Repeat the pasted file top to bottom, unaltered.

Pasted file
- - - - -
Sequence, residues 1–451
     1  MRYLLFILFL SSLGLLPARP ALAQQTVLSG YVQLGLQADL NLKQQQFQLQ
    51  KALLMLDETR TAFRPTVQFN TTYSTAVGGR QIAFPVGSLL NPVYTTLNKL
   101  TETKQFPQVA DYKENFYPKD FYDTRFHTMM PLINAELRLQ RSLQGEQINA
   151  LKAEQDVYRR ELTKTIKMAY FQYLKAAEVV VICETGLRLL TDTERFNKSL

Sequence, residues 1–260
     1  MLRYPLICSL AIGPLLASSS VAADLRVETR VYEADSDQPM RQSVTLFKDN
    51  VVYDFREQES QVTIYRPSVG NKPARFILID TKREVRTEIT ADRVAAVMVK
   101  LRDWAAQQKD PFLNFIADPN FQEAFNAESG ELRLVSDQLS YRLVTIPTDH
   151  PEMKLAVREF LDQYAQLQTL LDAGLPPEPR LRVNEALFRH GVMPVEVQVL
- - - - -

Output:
Sequence, residues 1–451
     1  MRYLLFILFL SSLGLLPARP ALAQQTVLSG YVQLGLQADL NLKQQQFQLQ
    51  KALLMLDETR TAFRPTVQFN TTYSTAVGGR QIAFPVGSLL NPVYTTLNKL
   101  TETKQFPQVA DYKENFYPKD FYDTRFHTMM PLINAELRLQ RSLQGEQINA
   151  LKAEQDVYRR ELTKTIKMAY FQYLKAAEVV VICETGLRLL TDTERFNKSL

Sequence, residues 1–260
     1  MLRYPLICSL AIGPLLASSS VAADLRVETR VYEADSDQPM RQSVTLFKDN
    51  VVYDFREQES QVTIYRPSVG NKPARFILID TKREVRTEIT ADRVAAVMVK
   101  LRDWAAQQKD PFLNFIADPN FQEAFNAESG ELRLVSDQLS YRLVTIPTDH
   151  PEMKLAVREF LDQYAQLQTL LDAGLPPEPR LRVNEALFRH GVMPVEVQVL